“I am very proud of him. It is a dream now come true. Winnipeg natives, my wife and I wanted our sons to play hockey because Manitoba has a long winter,” Ingram joked. He believed in himself and we always supported him because he worked so hard. »
Although Derek doesn't handle the hockey stick like a golf club, he has been able to give his son sports advice over the years. After all, these two complementary sports have several similarities. And co-author of a book on sports psychology, he knows a bit about it.
“When I talk to him about sport and give advice, I try to put emotions aside like I'm an instructor. I often told him not to think too much and to overanalyze situations. Keep it simple and follow your instincts. It's good for both hockey and golf. You have to play with that feeling.
“In golf, the worst thing is to start thinking too much and dissecting everything. »
This is valuable advice for both those who push the little white ball on the fairways of the Old Course and those who push a puck on the ice of the Bell Centre.
St Andrews express
ALL TRACKS…ON TIME!
With the delays, delays and madness at airports for several weeks, I was skeptical of finding all my packages at their destination on time. A stopover in Dublin before heading for Glasgow did not convince me. Hundreds of bags were stacked near the carousels. Ditto once in Scotland. I miraculously received my suitcases on time. In short, a flight delay of nearly three hours at Montreal-Trudeau and another 75-minute delay in Ireland surely helped. Fingers crossed for the return next week!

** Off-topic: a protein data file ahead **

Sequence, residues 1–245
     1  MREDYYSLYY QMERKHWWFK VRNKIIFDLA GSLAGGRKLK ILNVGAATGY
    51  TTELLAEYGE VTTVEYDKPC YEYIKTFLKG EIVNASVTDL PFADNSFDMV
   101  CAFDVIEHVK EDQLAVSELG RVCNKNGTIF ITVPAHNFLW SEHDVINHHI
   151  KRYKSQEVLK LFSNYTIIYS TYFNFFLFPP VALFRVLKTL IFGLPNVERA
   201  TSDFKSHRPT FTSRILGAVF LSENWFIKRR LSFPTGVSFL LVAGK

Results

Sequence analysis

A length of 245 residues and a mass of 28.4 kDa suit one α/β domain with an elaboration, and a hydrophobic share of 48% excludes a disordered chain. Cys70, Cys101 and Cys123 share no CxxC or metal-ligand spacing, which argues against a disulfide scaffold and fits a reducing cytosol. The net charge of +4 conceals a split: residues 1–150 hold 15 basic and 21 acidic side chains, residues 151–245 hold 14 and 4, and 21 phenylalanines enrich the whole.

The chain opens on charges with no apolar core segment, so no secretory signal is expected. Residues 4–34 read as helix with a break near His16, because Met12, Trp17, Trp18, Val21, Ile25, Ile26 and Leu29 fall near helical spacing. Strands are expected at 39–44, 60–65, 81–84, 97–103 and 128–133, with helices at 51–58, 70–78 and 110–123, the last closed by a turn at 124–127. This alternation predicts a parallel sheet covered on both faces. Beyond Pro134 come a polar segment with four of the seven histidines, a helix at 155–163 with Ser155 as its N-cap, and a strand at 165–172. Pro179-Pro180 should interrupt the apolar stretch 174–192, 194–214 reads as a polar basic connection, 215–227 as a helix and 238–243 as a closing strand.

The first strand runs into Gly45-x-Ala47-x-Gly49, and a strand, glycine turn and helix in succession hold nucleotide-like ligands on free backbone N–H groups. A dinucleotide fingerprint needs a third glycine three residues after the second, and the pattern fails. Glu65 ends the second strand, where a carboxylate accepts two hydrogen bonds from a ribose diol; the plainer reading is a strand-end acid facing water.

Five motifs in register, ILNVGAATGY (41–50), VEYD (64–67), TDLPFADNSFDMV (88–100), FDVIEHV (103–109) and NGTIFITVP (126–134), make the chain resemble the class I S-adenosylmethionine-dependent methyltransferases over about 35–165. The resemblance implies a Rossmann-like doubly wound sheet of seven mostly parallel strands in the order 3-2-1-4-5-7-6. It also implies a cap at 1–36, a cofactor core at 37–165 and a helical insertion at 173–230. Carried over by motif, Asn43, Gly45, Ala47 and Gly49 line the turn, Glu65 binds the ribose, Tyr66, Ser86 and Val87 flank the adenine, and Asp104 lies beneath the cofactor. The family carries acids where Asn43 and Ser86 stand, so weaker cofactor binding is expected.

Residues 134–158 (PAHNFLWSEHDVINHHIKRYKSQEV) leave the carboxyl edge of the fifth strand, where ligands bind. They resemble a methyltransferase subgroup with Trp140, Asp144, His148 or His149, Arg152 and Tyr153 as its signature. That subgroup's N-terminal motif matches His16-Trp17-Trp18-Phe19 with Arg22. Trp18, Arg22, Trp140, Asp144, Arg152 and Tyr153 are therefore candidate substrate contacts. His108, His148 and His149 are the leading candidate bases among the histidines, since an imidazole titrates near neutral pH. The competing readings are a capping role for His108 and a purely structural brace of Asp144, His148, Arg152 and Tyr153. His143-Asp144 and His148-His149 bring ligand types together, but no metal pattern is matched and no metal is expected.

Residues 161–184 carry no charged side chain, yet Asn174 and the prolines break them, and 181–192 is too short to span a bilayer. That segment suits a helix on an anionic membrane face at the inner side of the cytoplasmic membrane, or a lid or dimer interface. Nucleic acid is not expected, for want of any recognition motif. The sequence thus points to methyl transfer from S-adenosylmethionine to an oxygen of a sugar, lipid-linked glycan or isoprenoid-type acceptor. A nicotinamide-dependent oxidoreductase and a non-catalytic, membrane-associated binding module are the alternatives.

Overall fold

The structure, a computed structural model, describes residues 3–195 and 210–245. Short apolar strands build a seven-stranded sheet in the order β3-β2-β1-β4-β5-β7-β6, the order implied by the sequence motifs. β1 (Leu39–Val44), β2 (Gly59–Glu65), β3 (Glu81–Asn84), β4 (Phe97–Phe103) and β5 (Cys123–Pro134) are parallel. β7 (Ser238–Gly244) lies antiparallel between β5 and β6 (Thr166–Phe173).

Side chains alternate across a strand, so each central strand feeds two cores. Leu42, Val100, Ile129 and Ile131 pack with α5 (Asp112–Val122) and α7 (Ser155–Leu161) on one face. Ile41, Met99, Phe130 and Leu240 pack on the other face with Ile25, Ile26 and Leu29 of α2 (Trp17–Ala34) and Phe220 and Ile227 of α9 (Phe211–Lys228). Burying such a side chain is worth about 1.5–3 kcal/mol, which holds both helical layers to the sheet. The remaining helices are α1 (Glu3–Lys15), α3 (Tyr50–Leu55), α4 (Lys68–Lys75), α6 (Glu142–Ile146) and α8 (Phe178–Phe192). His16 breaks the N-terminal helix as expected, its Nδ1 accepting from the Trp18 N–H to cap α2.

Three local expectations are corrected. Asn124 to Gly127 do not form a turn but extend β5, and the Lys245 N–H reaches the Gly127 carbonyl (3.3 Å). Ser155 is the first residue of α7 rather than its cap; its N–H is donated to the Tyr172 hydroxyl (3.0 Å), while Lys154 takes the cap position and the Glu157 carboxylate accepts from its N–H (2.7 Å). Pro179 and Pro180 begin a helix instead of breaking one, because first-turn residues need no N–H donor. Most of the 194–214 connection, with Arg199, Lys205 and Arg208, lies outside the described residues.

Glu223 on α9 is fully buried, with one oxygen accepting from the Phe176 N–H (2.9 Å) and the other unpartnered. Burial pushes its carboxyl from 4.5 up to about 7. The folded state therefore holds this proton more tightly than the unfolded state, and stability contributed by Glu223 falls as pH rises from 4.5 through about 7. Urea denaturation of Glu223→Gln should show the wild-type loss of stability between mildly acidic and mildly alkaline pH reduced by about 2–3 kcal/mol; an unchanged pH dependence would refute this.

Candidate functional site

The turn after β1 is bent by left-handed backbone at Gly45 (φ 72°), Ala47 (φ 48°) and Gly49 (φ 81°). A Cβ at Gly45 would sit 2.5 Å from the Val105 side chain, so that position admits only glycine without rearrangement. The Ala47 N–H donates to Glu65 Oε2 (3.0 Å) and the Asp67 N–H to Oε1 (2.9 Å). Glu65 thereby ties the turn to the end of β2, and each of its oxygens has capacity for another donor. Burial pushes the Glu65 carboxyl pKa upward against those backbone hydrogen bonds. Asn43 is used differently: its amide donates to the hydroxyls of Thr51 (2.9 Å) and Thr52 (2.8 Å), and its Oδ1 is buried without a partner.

To celebrate the 150th anniversary of the Open, the organizers presented the “Celebration of Champions” yesterday. This small tournament of 10 teams brought together winners of the Omnium with golfers, both professional and amateur. Teams of four players tallied the two best scores on each of the four holes. From Gary Player and Lee Trevino to Jordan Spieth and Collin Morikawa, via Tiger Woods and Nick Faldo, we even saw Jack Nicklaus on the Swilcan Bridge. Several scribes recounted having heard crisp and delirious stories on the mounds. The good mood was there. Faldo's team, made up of three other winners at St Andrews, namely Louis Oosthuizen, Zach Johnson and John Daly, triumphed at -6.
GROUP AT SHARE
The controversial LIV Golf series continues to disturb. This weekend, the R&A explained that it did not invite the great manitou of the new circuit and double winner of the Open, Greg Norman, to the dinner of champions organized this evening, to avoid that it is a distraction during the 150th anniversary celebrations. Respecting the man and the athlete, Jack Nicklaus was content to say that he was not on the same page as his friend when it came to the new league. Having won the Claret Jug in 2013 and having joined the LIV series, Phil Mickelson has meanwhile decided to skip the event. None of the golfers in the Saudi-powered series appear on the press conference schedule ahead of the tournament. And in practice rounds, these come together. We feel the division reigning. The battle has only just begun as the US Department of Justice has let it be known that it will investigate the PGA Tour, which banned its players who joined the international series. The PGA Tour may have violated antitrust laws.